Product News: Clinical Utility of Non-Invasive Harmony Prenatal Test Demonstrated in New Study

11 Sep 2012

A study just published in the American Journal of Obstetrics and Gynecology (The Gray Journal) provides substantial new evidence that the Harmony Prenatal Test, a specific type of non-invasive prenatal test (NIPT), is effective in a general screening population. In this study, the test detected all cases of fetal trisomy 21 and 18 at a false-positive rate of 0.1 percent.

The study, “Noninvasive Prenatal Testing for Fetal Trisomies in a Routinely Screened First-Trimester Population,” was led by Dr. Kypros H. Nicolaides, professor at the Harris Birthright Research Centre for Fetal Medicine at King’s College Hospital in London, with fellow authors Argyro Syngelaki, Dr. Ghalia Ashoor, Dr. Cahit Birdir and Dr. Gisele Touzet.

The Harmony test is a type of NIPT utilizing a directed approach to cell-free DNA (cfDNA) analysis and provides an individualized risk assessment for trisomy (the presence of three chromosomes instead of two). It involves a single blood draw taken as early as 10 weeks’ gestation and delivers a greater than 99 percent detection rate for trisomy 21, which causes Down syndrome. Much of the research on NIPT to date has focused on women determined to be at a high-risk for trisomy.

“This excellent study validates the detection of fetal trisomy through analysis of maternal plasma using chromosome-selective, cell-free fetal DNA sequencing in an average-risk population. False positive diagnoses were rare (2 per 1949), but the few encountered indicate that invasive procedures are still necessary on occasion for confirmation,” said Dr. Joe Leigh Simpson, senior vice president for Research and Global Programs at the March of Dimes. He added, “False positive results could be due either to confined placental mosaicism or to unrecognized demise of an aneuploidy co-twin. Overall, it is clear that cell-free fetal DNA analysis is becoming the preferable method for fetal aneuploidy screening.”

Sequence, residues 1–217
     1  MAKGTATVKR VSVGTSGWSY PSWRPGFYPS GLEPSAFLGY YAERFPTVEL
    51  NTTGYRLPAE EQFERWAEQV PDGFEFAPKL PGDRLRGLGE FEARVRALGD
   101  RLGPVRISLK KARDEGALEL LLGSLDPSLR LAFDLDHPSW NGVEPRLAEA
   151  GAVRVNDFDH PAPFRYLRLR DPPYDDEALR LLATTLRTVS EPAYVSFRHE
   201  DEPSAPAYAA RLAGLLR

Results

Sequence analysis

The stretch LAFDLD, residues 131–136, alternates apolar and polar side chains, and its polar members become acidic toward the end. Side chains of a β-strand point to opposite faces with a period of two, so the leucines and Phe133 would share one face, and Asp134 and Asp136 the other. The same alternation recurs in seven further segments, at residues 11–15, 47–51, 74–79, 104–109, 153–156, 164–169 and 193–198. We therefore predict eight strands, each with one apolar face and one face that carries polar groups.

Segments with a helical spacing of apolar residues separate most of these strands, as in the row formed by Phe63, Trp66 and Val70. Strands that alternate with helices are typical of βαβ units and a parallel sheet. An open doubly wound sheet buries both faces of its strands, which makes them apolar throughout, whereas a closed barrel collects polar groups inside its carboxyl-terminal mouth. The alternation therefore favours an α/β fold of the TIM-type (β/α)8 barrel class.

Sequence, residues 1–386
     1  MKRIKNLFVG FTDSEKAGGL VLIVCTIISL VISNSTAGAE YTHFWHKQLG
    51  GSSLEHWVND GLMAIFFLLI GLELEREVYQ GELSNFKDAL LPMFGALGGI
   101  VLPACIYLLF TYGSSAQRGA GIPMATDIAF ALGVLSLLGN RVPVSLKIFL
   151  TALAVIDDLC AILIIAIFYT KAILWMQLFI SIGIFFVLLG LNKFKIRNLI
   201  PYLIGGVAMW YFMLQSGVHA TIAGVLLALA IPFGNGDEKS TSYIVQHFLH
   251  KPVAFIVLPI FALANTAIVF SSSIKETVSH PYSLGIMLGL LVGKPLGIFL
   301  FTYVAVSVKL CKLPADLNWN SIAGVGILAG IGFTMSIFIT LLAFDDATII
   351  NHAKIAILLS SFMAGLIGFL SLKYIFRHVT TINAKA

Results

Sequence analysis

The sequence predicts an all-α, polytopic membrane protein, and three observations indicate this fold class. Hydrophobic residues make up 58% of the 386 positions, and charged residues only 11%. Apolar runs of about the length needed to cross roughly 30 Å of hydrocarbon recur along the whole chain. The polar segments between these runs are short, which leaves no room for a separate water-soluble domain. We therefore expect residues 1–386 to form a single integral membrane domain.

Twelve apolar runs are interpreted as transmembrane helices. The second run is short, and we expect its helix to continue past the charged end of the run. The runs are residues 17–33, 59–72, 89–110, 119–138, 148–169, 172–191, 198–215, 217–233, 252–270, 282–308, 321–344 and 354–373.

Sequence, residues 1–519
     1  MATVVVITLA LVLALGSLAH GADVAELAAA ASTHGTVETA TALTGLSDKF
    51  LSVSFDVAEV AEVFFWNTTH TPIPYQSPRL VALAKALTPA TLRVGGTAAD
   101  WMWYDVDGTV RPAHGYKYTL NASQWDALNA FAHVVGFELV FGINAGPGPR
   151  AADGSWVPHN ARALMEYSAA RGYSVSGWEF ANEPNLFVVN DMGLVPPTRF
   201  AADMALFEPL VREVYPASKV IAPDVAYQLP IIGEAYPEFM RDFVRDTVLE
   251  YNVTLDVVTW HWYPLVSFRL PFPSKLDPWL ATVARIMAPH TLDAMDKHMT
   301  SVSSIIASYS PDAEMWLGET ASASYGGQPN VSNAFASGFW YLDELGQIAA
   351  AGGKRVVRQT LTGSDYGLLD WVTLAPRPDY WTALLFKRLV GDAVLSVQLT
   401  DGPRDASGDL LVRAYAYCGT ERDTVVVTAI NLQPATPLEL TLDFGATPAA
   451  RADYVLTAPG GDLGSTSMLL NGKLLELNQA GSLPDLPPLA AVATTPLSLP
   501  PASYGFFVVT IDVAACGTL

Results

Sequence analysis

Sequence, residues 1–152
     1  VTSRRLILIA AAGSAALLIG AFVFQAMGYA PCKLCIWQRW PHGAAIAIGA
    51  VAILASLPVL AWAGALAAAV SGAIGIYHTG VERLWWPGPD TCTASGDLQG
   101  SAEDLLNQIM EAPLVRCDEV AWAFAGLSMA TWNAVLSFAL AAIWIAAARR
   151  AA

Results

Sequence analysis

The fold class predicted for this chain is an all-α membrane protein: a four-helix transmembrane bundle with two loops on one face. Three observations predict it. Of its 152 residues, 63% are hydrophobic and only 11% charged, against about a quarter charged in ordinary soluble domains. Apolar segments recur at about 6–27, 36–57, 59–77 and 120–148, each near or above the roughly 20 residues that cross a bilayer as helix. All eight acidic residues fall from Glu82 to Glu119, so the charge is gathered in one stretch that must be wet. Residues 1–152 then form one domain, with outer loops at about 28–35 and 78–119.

The study builds on other recent findings that support the utility of NIPT for any pregnant woman, regardless of risk categorization. Other studies have shown no significant differences in the fraction of fetal cfDNA in blood in women based on maternal age, prenatal screening results or nuchal translucency measurement. The amount of fetal cfDNA in maternal blood is the principal factor in successfully detecting trisomies with NIPT.

“This study affirms our commitment to leading the introduction of NIPT into medical practice based on robust clinical data. We have now studied over 6,000 women including 2,000 low risk women across multiple studies,” said Ariosa Diagnostics CEO Ken Song, MD. “The Harmony Prenatal Test represents a major advance in obstetrics that can provide highly accurate information to women so as to better manage their pregnancy.”